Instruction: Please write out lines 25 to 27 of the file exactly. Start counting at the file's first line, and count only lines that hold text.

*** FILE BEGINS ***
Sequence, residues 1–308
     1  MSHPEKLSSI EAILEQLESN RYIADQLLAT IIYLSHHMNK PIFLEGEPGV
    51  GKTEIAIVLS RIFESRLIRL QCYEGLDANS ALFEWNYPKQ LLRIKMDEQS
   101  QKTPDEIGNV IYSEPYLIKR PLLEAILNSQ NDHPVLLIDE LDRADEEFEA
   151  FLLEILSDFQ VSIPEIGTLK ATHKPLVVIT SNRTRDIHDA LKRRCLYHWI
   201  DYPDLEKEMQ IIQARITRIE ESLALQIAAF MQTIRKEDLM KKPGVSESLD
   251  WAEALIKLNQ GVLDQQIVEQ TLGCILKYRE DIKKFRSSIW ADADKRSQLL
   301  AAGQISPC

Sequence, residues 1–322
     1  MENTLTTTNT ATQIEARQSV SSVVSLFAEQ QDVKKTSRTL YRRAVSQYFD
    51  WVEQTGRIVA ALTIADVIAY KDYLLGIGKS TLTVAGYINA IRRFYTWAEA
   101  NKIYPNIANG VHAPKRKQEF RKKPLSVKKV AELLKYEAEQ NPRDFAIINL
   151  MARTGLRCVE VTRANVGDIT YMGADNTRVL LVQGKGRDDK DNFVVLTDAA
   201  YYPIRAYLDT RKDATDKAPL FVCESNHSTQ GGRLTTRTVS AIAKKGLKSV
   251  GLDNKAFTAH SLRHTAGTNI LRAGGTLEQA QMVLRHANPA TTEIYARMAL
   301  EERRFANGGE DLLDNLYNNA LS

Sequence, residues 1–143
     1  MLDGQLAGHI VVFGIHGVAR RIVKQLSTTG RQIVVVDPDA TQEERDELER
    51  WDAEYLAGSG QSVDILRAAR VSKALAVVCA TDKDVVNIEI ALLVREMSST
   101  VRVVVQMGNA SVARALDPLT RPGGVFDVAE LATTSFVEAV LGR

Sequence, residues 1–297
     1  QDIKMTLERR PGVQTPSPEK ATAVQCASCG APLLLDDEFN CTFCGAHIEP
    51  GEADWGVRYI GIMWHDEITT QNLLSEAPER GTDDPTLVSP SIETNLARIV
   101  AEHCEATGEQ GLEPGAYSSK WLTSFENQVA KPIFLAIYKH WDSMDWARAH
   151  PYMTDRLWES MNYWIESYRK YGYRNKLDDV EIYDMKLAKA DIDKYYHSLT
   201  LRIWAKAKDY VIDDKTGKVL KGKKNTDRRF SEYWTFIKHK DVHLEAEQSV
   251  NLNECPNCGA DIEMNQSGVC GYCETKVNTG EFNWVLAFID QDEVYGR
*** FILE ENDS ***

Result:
   151  PYMTDRLWES MNYWIESYRK YGYRNKLDDV EIYDMKLAKA DIDKYYHSLT
   201  LRIWAKAKDY VIDDKTGKVL KGKKNTDRRF SEYWTFIKHK DVHLEAEQSV
   251  NLNECPNCGA DIEMNQSGVC GYCETKVNTG EFNWVLAFID QDEVYGR